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NORRISTOWN, Pa. (Reuters) - Lawyers for comedian Bill Cosby and Pennsylvania prosecutors clashed in court on Monday over whether his own words can be used against him at his sexual assault trial in June.
Prosecutors are seeking to use numerous statements they say show Cosby's willingness to use intoxicants to incapacitate women before assaulting them.
"This evidence demonstrates that he thinks it's OK to give women drugs in order to have sex with them," Assistant District Attorney M. Stewart Ryan told Judge Steven O'Neill of the Court of Common Pleas in Montgomery County in Norristown, just west of Philadelphia.
But Cosby's lawyer, Brian McMonagle, accused prosecutors of trying a "back-door play" that would effectively let them introduce evidence of other sexual assault allegations unrelated to the case involving Andrea Constand, a former basketball coach at Temple University who accused Cosby of giving her pills in 2004 that left her unable to resist.
More than 50 women have leveled accusations at the 79-year-old Cosby, some stretching back decades. But the Pennsylvania case is the only criminal prosecution he has faced to date.
Cosby, whose career and wholesome image were shattered by the accusations, has said every sexual encounter was consensual.
During sworn depositions taken after Constand sued Cosby, the entertainer acknowledged obtaining prescription sedatives in the 1970s to give to young women.
Prosecutors said they should be allowed to use excerpts from Cosby's autobiography and statements he made in a 1991 television interview, in which he described the power of an aphrodisiac called "Spanish fly" to put women in the "mood."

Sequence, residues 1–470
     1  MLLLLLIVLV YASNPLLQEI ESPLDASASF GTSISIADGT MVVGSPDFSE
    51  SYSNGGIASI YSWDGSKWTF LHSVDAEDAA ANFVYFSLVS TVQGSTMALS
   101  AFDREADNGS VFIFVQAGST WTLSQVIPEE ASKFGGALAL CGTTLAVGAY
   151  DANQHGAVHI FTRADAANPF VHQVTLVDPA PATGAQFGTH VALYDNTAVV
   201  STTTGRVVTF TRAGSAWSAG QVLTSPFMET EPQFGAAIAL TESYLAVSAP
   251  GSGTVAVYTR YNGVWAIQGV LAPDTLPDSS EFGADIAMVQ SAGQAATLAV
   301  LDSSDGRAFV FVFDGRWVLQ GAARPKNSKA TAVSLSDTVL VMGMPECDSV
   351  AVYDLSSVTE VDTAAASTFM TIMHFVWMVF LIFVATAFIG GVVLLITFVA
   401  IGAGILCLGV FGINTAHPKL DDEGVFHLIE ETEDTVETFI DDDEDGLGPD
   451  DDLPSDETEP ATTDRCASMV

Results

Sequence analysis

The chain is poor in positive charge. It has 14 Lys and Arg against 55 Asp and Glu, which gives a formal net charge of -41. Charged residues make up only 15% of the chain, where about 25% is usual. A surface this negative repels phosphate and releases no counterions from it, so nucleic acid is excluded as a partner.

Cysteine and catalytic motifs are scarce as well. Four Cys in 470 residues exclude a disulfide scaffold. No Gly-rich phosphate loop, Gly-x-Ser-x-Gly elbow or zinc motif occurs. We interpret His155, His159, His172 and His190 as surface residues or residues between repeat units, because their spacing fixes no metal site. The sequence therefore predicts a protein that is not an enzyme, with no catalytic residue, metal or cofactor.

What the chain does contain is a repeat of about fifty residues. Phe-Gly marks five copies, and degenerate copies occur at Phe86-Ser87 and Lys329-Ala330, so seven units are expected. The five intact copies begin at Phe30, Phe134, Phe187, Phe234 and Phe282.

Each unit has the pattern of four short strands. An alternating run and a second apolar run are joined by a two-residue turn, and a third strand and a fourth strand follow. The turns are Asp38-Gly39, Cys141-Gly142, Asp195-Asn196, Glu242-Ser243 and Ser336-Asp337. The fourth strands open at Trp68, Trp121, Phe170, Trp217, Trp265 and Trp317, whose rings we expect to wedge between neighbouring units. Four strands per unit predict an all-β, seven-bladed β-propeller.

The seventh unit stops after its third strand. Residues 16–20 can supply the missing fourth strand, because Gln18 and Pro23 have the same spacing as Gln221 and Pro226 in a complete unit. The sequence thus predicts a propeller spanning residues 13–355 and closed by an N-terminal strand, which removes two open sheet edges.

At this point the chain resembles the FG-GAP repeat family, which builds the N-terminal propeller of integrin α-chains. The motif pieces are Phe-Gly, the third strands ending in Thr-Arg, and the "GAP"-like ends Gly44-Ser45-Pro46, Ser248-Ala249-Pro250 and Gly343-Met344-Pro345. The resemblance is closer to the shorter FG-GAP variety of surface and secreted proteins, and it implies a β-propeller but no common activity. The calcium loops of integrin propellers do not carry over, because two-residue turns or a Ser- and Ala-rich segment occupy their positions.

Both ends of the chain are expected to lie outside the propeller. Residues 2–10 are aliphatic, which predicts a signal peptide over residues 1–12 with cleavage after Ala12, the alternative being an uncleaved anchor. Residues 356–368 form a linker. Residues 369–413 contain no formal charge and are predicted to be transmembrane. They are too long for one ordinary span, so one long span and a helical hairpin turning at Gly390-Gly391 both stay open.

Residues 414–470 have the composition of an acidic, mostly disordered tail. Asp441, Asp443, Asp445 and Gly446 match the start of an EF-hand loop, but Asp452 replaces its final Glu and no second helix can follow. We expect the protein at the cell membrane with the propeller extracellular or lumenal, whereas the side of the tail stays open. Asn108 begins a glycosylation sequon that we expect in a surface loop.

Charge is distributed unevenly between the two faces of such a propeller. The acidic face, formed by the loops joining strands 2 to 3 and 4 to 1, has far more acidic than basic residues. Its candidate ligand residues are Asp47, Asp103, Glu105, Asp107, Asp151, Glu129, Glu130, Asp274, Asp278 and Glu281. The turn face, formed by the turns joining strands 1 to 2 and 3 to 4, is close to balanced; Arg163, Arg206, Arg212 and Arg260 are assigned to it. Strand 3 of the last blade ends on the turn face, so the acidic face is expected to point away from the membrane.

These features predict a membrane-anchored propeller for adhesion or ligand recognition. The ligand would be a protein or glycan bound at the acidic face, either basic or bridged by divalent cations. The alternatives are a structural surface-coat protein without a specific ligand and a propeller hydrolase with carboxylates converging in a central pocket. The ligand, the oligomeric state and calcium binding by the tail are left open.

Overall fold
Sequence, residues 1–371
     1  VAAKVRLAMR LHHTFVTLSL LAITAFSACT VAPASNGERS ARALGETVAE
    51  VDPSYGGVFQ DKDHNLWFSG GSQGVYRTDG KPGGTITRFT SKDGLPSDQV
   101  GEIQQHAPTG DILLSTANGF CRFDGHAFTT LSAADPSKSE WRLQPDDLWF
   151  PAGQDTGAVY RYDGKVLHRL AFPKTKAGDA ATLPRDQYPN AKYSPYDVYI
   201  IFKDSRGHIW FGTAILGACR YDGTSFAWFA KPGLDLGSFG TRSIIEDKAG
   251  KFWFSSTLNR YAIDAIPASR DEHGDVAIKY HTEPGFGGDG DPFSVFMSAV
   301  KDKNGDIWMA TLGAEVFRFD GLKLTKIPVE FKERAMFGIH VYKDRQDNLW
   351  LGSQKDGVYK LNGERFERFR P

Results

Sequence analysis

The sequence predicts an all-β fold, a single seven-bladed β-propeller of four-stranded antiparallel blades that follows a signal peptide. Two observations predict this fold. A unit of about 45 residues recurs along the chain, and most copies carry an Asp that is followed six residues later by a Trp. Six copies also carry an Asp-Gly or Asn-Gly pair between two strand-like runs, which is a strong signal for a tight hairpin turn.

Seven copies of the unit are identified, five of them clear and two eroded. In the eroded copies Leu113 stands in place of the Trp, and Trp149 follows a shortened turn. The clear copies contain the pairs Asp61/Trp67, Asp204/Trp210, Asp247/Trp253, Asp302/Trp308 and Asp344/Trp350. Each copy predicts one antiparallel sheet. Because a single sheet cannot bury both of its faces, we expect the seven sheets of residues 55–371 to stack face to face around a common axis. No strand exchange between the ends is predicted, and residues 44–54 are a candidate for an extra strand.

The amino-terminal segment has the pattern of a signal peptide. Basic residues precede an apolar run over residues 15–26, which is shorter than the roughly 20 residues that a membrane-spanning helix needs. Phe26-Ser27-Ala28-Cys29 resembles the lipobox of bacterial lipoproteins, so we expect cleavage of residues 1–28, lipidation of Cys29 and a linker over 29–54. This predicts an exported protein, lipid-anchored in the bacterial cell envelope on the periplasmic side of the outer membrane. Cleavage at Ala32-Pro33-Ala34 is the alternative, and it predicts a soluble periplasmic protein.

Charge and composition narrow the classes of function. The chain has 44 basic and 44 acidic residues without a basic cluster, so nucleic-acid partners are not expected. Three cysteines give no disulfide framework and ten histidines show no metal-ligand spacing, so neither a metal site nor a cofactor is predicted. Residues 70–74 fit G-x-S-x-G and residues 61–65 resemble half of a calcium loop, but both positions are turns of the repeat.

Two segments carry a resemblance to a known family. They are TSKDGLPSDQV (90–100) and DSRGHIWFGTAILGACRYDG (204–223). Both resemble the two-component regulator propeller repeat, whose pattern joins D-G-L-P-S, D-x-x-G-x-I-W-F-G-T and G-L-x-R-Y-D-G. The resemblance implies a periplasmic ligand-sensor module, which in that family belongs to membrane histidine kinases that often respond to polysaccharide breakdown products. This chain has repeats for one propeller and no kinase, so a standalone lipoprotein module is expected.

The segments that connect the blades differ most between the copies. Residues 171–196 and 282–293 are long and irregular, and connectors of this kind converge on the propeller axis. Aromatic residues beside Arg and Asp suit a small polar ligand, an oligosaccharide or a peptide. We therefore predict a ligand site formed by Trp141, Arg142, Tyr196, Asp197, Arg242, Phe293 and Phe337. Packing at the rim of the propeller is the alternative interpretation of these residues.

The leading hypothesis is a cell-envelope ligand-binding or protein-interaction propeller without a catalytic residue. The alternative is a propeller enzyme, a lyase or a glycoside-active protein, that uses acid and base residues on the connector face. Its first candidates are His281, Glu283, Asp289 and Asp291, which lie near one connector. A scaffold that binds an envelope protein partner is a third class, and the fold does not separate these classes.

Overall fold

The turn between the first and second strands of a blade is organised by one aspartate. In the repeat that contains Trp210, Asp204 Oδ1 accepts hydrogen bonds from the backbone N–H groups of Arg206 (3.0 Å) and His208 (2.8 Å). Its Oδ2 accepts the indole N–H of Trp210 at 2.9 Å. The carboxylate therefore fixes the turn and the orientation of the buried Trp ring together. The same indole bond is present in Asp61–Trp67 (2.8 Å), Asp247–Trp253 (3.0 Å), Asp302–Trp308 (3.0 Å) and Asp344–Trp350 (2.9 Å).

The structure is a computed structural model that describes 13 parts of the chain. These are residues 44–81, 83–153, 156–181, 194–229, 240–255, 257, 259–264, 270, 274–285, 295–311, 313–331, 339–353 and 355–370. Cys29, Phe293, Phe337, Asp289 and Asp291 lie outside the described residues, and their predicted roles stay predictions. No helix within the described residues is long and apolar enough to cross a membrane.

But Cosby's lawyers said the deposition testimony had nothing to do with Constand and the "Spanish fly" comments were jokes, not evidence.
"It was comedy," McMonagle told O'Neill. "It was not an admission."
Meanwhile, McMonagle said he would undermine Constand's credibility by portraying her civil lawsuit as an attempt to get money.
But he asked O'Neill to bar the prosecution from mentioning the subsequent civil settlement, in which Cosby paid her an undisclosed sum in exchange for her agreement not to cooperate with future law enforcement efforts.
Prosecutors, however, said they should be allowed to bring up the deal to rebut the defense's attempts to impugn Constand's motives.
Jury selection will begin next month in Pittsburgh, hundreds of miles away. O'Neill previously agreed to empanel jurors from another county because of pretrial publicity. The jury will be in Norristown for the expected two weeks of trial.
Reporting by Joseph Ax; Editing by Bernadette Baum and Grant McCool